Europe

How A Single Digital ID Will Become EU’s Commerce Passport

When trying to understand the new eIDAS regulations set to go officially online in the EU in September, it helps, Trulioo GM Zac Cohen told Karen Webster, to take a step back and look at the general purpose of the European Union.

If one were to take a very quick trip back in time to the year 2014, when the eIDAS regulations were first passed, they would see the EU was lagging behind when it came to offering the same single market harmony that was the expected norm across most trade relationships in the single commerce zone, Cohen told Webster.

“I think what they were seeing is this convergence of that vision and value statement they have [for the EU] and the reality of how much of consumers’ lives are lived online,” he said. “That single market for goods and services was very much tied to historical notions of commerce – and they realized they had that same common market for the next generation of commerce, which is eCommerce.”

These regulations that are going online now, Cohen noted, are part of a bigger story of building digital interoperability and creating a single common language for logging transactions and activity.

Which, he added, is why regulations like eIDAS are all about trust in general – and trustworthy digital identities specifically.

From Diffuse to Cohesive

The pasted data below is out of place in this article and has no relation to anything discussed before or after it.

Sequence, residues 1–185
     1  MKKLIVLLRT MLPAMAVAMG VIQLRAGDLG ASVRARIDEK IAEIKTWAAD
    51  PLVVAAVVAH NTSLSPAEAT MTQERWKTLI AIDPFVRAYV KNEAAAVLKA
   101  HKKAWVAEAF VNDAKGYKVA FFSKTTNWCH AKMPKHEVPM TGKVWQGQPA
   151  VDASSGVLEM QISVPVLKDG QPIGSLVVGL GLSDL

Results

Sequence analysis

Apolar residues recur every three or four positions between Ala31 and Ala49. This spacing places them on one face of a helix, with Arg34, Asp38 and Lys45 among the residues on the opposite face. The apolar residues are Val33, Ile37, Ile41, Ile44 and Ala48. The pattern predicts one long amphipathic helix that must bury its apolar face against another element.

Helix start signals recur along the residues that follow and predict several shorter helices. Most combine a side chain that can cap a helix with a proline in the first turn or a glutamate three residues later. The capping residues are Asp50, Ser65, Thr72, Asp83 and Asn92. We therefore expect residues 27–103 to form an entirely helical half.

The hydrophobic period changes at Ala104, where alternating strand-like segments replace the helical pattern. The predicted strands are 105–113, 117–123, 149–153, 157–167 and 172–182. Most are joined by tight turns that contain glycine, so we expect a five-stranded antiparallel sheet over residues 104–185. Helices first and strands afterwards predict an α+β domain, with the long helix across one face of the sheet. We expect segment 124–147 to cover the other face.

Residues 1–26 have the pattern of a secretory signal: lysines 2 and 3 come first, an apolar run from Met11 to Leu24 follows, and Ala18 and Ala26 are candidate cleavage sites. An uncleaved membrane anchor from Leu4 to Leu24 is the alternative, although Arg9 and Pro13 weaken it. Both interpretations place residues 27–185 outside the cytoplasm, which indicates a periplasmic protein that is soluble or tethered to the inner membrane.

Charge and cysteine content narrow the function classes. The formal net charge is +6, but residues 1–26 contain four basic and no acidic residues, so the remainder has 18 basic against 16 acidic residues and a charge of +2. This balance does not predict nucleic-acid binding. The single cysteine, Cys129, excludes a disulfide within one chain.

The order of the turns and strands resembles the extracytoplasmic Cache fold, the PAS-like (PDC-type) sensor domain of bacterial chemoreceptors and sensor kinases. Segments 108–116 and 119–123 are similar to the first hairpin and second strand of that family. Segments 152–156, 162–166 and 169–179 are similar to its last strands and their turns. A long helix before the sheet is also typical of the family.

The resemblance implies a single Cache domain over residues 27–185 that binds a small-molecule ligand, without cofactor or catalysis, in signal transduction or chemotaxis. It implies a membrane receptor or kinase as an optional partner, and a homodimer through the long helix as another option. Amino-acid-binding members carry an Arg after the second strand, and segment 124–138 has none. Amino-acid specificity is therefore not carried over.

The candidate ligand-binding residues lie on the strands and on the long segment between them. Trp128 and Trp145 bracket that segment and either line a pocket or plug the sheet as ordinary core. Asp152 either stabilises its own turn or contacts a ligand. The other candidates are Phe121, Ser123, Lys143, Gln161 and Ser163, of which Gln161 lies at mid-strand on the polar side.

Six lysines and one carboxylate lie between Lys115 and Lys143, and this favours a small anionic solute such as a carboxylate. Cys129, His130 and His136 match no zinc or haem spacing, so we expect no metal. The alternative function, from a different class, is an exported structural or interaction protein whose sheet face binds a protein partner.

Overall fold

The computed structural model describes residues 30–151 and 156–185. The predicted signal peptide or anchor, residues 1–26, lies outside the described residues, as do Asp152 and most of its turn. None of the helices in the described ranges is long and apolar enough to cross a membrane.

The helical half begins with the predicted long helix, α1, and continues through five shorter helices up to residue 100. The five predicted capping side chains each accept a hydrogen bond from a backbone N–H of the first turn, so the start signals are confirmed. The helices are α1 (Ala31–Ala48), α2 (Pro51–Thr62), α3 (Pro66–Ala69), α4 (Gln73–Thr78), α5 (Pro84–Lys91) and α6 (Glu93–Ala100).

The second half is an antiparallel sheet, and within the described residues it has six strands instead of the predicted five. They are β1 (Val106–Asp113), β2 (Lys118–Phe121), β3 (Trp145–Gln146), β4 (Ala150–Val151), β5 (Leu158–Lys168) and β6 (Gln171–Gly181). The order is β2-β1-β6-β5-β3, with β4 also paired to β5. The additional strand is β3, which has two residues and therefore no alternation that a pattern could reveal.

For any modern economy to efficiently function, it first and foremost needs to feature effective identity systems, Cohen noted. He said that identity is the cornerstone service, because it enables all involved parties to trust in the transaction itself. The problem in the EU today – in the pre- eIDAS world – is that currently, different member states have different digital identification schemes, and there’s very little standardization or cross-border cohesion.

That means what works in one member state almost certainly won’t work in another – and there is no such thing as a portable digital identity. Anytime an EU citizen relocates to a new member nation, they have to start over with establishing their digital identity. It’s a process that generally involves manual documents, in-person checks, third-party notarizations and multiple government-issued identifications.

It’s both inefficient and unpleasant, Cohen pointed out – and hopefully a bit of unpleasantness that will be ameliorated by eIDAS.

“The two biggest pieces of the new regulations are around eSignatures and creating a digital identity that can cross borders. The problem it is directly solving is making it much easier for someone new to a member state to be able to access public services.”

On the eSignatures side, the new regulations make it easier to provide an electronic signature and to guarantee they will have legal standing throughout the EU. The regulations do not come with any specific technology recommendations, but do come with guidelines for time stamping, electronic seals, electronic delivery and website authentication.

The area of regulations that is a bit more relevant to Trulioo – and much more directly in line with their goals – lies in digital identity.

“What these regulations will basically mean is that if I as a consumer create an electronic ID in my home country to access services, I will be able to go to any other member state and leverage that same local ID to use the public services in my new country,” noted Cohen.